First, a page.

Traditionally, Peter (RIR) and I have enjoyed spinning the "story" of each year's Mesa Roja Grand Prix in an extended narrative complete with prologue, Qualifying Day, Race Day and Wrap-up with the results revealed at the appropriate moments in the storyline. This year, events have conspired to make that impossible without delaying publishing the results still further. You have all waited patiently for over a month for this series to get started. I won't keep you waiting any longer.
But without further ado, here are the Official Qualifying Results of VRAA 2016 Round 1:
Here's a look at the Starting Grid for the GP1.5 Race:
And here is the Starting Grid for the GP2.5 Race:
The Official Race Results of Race 1 at Mesa Roja:
The Podium Ceremony for the GP1.5 Race:
First Place: Brabham #22
Second Place: Lotus #28
Third Place: Emeryson #4
The Podium Ceremony for the GP2.5 Race:
First Place: BRM #8 Third Place: Maserati #69
Second Place: Maserati #14
Congrats to Stu Loader and Dale on their class victories!
More to come later...
Last Edit: Oct 24, 2016 19:07:30 GMT -5 by old23: Added Photos
I wouldn't fret too much about the results of your cars in the first race. Mesa Roja is quite a "wild card" track, being the only plastic surface in the series. Your cars, all three of them, run well enough to be solid mid-field finishers if the breaks go their way on the day. They have no obvious vices, apart from feeling a bit sluggish, when compared to the top cars in their class. And all three are very fine looking cars.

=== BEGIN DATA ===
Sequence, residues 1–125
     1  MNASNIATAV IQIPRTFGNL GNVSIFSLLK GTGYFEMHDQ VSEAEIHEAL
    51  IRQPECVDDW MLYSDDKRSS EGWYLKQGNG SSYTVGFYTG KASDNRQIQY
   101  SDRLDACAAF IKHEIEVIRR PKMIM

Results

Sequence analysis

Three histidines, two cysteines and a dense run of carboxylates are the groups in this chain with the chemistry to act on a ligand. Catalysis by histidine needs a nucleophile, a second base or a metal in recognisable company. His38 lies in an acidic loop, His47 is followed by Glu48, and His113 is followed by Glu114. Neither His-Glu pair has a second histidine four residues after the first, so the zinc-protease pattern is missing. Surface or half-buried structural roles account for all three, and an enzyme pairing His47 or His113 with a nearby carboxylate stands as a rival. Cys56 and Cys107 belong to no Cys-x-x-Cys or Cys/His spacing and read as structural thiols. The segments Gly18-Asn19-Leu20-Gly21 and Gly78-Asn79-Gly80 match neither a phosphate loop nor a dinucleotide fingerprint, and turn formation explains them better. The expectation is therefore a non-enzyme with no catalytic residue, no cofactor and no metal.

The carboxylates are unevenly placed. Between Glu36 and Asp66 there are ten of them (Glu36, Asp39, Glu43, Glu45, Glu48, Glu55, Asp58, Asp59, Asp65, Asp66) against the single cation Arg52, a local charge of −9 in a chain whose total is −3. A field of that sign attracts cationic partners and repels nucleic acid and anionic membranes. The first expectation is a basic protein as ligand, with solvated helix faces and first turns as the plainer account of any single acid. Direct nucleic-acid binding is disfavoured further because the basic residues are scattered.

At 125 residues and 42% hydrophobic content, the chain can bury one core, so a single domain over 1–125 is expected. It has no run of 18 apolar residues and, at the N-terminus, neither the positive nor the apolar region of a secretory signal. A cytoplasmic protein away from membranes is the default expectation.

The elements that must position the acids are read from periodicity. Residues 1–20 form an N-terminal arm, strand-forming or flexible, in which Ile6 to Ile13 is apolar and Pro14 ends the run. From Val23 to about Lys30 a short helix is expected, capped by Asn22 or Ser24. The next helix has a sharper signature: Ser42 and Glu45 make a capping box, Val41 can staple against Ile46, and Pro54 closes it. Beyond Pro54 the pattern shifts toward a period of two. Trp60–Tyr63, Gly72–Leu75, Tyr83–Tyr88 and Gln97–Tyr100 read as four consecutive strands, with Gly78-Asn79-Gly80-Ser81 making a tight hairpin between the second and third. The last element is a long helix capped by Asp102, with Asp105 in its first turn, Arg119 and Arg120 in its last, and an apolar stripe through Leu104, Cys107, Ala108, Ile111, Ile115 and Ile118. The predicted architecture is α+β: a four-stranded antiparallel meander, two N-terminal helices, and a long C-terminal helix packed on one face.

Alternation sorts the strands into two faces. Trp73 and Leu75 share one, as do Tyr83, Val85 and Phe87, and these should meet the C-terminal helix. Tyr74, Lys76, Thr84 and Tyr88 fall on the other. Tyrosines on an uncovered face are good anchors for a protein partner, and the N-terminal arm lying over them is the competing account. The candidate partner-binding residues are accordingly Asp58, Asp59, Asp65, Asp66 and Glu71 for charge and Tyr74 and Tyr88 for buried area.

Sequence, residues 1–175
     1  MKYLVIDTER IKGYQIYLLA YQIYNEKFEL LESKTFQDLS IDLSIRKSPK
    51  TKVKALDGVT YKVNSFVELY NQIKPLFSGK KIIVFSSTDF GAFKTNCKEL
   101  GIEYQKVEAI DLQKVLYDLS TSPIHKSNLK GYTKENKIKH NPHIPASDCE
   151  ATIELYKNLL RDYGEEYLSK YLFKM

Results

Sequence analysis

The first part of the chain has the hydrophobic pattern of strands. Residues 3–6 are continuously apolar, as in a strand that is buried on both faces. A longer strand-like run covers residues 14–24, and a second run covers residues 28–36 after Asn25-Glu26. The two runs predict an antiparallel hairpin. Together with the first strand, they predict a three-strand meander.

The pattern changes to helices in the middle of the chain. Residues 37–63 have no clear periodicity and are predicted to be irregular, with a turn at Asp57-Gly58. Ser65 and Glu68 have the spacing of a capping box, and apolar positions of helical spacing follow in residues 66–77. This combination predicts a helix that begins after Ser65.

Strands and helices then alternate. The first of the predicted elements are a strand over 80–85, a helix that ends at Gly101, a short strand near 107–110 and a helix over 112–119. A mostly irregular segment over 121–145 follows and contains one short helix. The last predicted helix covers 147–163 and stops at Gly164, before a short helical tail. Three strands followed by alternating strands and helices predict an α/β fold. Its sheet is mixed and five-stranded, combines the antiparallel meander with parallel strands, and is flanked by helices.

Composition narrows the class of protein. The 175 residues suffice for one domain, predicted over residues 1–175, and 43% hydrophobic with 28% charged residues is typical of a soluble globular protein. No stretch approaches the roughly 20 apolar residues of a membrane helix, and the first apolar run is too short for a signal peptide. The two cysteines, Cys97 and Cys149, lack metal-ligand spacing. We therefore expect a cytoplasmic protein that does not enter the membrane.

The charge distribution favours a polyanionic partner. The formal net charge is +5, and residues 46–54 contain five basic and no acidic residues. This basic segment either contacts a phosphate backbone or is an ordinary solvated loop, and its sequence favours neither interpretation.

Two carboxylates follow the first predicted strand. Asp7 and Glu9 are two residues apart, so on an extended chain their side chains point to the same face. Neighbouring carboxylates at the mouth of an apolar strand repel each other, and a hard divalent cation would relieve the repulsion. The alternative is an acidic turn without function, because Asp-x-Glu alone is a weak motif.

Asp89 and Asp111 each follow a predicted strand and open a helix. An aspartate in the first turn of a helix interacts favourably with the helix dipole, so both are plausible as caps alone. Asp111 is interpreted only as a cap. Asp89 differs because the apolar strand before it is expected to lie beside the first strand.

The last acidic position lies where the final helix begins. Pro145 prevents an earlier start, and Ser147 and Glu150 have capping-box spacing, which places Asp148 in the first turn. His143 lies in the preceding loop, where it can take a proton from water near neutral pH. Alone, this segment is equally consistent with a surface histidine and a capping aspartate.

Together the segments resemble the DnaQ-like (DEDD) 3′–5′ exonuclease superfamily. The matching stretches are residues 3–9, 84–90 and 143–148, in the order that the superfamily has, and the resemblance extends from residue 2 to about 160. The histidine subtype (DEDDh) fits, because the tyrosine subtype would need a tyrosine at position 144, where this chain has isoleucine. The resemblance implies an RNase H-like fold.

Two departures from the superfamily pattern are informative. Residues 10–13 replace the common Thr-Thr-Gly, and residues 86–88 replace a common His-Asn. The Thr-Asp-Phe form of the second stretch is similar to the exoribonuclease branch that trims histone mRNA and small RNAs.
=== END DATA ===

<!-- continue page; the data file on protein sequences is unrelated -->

John, your Vanwall is a blast to drive and showed no particular vices except a slight deficit in top speed. There will be many twists and turns ahead and the midfield is very close in performance, so your car will certainly show better at some tracks than others.
Some thoughts on the VRAA 2016 opener at Mesa Roja…
RIR and I drove all the cars in both classes for the Qualy session. Won’t tell you who was driving in which lane, though it is generally accepted by the green denizens of the mesa that the yellow lane is a couple of tenths faster than the black lane. That is, unless a particular car has unexpected problems negotiating the downhill sweeper (let’s call it the “Launchpad”) or the tricky lead-in to the final esses (the “Wiggle”) on yellow lane, in which case the black lane will be quicker. Confidence is everything for a driver of an unfamiliar proxy car and unanticipated de-slots are corrosive to even the most robust sense of self worth. Every year, a few VRAA cars seem to be much more susceptible to exiting into the scenery at these two corners than the rest of the field. Many theories have been proposed as to why this might be… weight distribution?... guide depth?... guide lead?... guide thickness?... Defense Department electro-magnetic experiments?... but as yet there is no scientific proof as to why it happens.